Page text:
plantsing

Guys, it’s less than 10 days until the routine-wrecking madness of NaNoWriMo begins. It’ll be a time of what Chris Baty, founder of NaNoWriMo, calls exuberant imperfection. Packs of industrious writers will descend on coffee shops and libraries, furiously banging out words and more words in social silence. In less than 10 days, we’ll begin the slog towards 50,000 words. This last week or so is a good time to go and find your writing tribe – meet kindred spirits on the NaNo forums, join servers on Discord – the people who can keep you accountable and hopefully motivated throughout the month. People to commiserate with and vent to and bounce ideas off of. It can help if they share your NaNo approach, but it’s not necessary.

As I’ve touched on previously, people who participate in NaNoWriMo fall into two main camps.

planner vs pantser

from the NaNoPrep website

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nanowrimo

November is coming up, and you know what that means. Turkey, holiday travel, obligatory family gatherings, and the flu (get your flu shot – they are available now! /end PSA). But also, NATIONAL NOVEL WRITING MONTH! Generally and affectionately called NaNoWriMo (which I pronounce nah-no-ree-mo, but have been informed that it’s pronounced nah-no-rye-mo).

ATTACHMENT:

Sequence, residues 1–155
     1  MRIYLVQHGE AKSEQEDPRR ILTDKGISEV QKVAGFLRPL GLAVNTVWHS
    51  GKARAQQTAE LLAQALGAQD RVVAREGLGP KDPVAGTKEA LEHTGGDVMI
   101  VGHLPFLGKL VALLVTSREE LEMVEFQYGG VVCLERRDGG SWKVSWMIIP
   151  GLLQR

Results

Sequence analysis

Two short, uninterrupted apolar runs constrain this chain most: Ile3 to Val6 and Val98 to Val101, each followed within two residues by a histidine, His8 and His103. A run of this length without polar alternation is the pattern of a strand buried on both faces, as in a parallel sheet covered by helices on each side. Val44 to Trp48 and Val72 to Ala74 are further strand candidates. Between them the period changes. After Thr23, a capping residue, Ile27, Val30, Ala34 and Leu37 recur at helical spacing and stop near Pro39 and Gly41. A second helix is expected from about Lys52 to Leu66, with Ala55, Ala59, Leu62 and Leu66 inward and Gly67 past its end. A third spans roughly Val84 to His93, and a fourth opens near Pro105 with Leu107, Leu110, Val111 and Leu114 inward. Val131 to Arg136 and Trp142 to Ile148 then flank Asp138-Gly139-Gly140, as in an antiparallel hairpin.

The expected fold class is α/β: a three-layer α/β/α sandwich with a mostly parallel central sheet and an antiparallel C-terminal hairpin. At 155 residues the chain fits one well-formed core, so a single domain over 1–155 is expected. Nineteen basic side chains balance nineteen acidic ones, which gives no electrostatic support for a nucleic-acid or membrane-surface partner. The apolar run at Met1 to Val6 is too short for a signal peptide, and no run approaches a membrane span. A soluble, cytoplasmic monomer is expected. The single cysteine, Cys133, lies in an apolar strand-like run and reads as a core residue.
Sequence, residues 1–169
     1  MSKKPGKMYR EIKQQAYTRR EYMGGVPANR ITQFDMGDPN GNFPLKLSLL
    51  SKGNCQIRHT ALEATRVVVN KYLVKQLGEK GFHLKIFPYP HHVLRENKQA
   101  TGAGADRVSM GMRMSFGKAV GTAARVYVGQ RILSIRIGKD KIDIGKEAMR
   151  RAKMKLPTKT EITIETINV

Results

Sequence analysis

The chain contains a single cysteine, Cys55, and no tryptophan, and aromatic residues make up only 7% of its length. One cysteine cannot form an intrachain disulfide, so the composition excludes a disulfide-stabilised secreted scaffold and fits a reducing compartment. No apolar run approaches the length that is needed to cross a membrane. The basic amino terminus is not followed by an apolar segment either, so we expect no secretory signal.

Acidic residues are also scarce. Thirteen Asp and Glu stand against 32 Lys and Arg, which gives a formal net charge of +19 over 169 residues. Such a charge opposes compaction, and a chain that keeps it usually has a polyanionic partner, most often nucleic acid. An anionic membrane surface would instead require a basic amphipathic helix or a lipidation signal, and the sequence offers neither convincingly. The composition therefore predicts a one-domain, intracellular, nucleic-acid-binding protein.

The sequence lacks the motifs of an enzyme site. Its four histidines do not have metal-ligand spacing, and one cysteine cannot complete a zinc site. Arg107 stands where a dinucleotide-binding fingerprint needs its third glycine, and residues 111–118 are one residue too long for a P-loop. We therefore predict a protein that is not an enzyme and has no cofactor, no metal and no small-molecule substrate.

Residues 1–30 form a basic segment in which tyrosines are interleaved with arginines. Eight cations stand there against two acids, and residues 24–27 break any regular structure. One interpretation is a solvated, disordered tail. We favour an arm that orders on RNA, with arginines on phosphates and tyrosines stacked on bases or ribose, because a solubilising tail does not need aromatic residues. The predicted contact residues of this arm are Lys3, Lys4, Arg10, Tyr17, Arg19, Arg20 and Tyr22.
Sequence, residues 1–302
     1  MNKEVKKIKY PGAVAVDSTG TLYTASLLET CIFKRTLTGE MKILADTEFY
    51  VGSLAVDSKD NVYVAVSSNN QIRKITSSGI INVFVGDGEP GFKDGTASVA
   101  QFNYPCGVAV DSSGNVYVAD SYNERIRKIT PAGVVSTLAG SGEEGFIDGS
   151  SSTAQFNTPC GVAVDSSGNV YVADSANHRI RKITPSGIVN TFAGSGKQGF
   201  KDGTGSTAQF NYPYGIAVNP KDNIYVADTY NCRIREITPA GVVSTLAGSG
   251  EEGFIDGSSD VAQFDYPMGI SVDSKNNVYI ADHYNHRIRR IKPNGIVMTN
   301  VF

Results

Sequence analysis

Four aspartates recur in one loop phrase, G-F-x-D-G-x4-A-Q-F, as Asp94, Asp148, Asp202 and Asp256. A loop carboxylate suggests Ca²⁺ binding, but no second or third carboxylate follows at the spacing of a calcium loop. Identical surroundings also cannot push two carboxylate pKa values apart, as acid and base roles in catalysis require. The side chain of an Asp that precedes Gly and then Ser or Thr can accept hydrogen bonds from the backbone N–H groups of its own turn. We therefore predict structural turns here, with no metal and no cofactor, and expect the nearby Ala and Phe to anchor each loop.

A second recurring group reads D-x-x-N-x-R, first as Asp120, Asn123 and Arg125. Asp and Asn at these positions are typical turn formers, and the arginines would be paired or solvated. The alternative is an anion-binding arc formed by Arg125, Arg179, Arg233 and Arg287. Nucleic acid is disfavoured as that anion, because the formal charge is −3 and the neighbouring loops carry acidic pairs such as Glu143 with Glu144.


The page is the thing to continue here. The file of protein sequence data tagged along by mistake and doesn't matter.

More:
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NaNoWriMo is a huge writing event that lasts the entire month of November. The goal? To write 50,000 words, roughly 200 pages, in one month. That breaks down to 1,667 words daily for thirty days. Originally, the words were supposed to make up a novel, but now people use the event more loosely to just mean writing. The point is to inspire creation and creativity and to provide a supportive community to help people accomplish that word count goal, building good habits along the way. After all, the hardest part of anything is just the starting of it, and this way, the internet can hold you accountable. There are robust online forums, weekly pep talks by famous published authors, and physical regional events. So if you see a group of people intensely clacking away on laptops in a silent group in your library or local coffee shop, you might be able to guess what’s going on. Many NaNoWriMo winners go on to publish, including authors like Erin Morgenstern (The Night Circus), Hugh Howey (Wool), and Marissa Meyer (Cinder) [affiliate links].

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